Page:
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M&A Outlook 2024

What’s happening in M&A

2023 saw a decline in the overall headline deal value both globally and locally, no doubt driven by the rising interest rate environment and concern about an economic slow-down. In Australia, small to medium sized enterprise (SME’s) continue to be the engine room of Australian deal volumes, however according to Matt Ogg writing in Business News in October 2023, “SME owners are showing a reluctance to sell, seeking higher valuations.” By way of context SMEs accounted for 77 per cent of deals in 2023 (disclosed deals below $100M)[1]. We reported back in August that one of the features of the first half of CY2023, was an increase in high frequency smaller transactions. These deals don’t push the headline deal value very much, but they do increase the number of smaller transactions. We do think that the opportunities for owners to exit in the mid-market remain positive. Boston Consulting Group (BCG) reported that “M&A is set pick up in 2024 despite ongoing headwinds”, saying that “deal activity bottomed out in early 2023.” They suggested that the energy, power, and resource industries were the most active sectors.[2] SP Global shares this optimism for deal doing in CY24, suggesting “dealmaking would see a significant boost if private equity firms started putting a greater amount of their dry power to work (uninvested cash)”.

In our view this optimism in the SME space is predicated on the intelligent matching of an asset with buyers who are active and have a clear criterion, which is then matched by the vendors business features. This inevitably involves cost and marketing synergies. The good news is that interest rates have much less affect on these kinds of transactions, normally involving trade players, driven by solid commercial reasons – the one plus one equals more than two idea.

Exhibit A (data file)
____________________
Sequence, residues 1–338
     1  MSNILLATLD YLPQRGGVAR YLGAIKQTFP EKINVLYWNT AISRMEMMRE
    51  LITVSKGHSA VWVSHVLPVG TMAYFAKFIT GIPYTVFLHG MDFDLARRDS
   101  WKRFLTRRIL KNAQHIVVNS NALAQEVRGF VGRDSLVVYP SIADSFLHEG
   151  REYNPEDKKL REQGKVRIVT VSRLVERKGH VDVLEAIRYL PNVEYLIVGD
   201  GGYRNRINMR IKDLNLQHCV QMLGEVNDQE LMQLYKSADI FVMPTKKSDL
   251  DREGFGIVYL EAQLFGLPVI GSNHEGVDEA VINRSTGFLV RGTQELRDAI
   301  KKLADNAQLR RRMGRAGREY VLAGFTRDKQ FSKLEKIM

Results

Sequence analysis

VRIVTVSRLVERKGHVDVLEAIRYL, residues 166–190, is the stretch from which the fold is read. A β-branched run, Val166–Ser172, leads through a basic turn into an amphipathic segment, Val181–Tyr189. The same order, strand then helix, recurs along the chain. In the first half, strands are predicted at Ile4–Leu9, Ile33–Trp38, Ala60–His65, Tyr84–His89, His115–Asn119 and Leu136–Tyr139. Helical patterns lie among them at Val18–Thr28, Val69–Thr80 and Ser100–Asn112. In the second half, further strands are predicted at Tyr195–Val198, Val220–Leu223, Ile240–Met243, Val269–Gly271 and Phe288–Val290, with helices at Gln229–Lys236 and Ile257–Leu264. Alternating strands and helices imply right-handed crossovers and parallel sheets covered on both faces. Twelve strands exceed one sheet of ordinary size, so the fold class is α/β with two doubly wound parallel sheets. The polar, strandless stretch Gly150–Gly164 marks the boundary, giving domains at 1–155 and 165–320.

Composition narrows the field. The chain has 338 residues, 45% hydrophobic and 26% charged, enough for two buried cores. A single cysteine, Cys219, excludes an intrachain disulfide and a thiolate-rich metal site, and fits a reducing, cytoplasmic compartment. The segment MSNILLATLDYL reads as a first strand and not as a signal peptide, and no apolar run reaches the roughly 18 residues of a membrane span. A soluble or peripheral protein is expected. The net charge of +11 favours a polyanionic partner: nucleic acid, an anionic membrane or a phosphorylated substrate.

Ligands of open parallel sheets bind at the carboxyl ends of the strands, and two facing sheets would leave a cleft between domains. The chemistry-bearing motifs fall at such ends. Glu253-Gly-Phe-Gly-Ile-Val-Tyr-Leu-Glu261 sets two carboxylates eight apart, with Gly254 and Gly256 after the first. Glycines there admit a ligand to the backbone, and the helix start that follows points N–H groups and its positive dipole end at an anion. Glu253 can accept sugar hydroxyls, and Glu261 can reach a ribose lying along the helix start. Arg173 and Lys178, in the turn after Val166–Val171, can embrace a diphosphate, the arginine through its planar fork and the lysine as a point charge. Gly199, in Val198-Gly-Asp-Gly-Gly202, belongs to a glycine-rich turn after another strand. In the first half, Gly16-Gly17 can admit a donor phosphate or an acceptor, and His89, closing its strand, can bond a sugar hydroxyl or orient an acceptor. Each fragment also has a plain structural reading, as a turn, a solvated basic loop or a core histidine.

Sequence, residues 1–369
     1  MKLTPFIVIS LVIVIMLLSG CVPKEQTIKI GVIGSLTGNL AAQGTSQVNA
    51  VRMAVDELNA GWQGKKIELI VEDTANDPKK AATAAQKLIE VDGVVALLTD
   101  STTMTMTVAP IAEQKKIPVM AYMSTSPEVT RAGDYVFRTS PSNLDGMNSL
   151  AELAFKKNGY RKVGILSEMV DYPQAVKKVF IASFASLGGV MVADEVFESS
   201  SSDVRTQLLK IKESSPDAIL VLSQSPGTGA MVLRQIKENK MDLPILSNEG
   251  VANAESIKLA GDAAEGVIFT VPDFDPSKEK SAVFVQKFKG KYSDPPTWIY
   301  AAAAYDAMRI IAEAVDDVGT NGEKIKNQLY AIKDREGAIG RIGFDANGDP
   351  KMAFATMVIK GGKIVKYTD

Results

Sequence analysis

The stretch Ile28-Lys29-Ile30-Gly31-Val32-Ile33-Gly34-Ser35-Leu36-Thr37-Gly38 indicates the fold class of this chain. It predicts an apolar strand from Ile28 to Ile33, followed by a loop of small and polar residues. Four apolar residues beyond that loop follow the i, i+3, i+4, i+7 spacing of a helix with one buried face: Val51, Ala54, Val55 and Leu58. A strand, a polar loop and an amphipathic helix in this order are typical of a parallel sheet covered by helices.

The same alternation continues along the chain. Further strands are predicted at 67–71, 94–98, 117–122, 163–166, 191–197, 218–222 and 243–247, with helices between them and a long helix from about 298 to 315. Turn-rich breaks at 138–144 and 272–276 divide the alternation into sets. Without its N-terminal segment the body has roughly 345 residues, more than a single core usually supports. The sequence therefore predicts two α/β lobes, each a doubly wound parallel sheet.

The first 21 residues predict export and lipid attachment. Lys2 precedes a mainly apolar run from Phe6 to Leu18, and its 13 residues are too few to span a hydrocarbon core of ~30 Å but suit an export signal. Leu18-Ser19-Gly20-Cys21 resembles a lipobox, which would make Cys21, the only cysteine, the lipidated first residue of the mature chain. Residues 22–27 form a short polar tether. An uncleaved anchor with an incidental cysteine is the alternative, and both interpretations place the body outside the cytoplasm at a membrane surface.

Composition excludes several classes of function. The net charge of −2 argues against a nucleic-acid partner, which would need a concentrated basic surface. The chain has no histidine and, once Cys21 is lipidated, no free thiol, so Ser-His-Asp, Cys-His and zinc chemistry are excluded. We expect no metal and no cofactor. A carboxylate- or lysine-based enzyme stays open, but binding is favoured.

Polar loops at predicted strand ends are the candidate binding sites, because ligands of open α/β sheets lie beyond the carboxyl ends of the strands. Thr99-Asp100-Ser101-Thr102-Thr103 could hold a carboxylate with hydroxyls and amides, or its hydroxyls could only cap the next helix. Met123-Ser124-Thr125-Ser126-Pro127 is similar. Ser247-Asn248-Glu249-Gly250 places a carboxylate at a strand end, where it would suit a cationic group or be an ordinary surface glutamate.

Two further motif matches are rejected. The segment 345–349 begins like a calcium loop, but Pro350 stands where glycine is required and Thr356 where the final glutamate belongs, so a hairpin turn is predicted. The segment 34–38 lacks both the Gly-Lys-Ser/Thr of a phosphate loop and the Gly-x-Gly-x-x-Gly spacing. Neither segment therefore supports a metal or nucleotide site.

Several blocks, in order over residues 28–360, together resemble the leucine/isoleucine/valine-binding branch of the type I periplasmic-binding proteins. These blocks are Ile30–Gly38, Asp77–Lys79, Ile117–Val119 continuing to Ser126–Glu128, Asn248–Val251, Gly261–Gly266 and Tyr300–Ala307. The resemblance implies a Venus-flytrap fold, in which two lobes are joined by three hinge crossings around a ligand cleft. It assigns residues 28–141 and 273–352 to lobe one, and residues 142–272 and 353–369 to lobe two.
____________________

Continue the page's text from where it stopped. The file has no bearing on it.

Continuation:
These deals are typically done when a large business buys a much smaller business. The buyer leverages their much stronger balance sheet and often pays cash, in many cases not requiring bank funding. We reported in August [3] that corporations had record levels of cash on their balance sheets – this has not changed. Whilst not all this cash is ear-marked for acquisitions, companies are under pressure to put that cash to work, and a well-thought-out acquisition is a great way to do that.

Some Trends in 2024

Industrials Sector.[4] According to Dealtracker, 31 per cent of total deal flow in Australia in 2023 was from Industrials – 523 deals[5]. These deals are typically associated with an expanding economy, however certain subsectors are seen as defensive in nature (aerospace, defence, electrical equipment, and machinery).

Environmental and Social Governance (ESG). The last year has seen continued and significant development in this area of policy as Australia grapples with the race to reach net zero. We are seeing an increasing number of acquirers talk to us about their desire to see the environmental credentials of vendor companies. Companies with products and services skewed toward energy conservation, energy efficiency and innovations are highly sought after where larger companies see opportunities to scale the distribution of those products and innovations. Action to challenge the phenomenon of greenwashing, where companies make false or overblown claims around ESG, is on the rise with ASIC taking major civil penalty proceedings against large well-known brands.[6]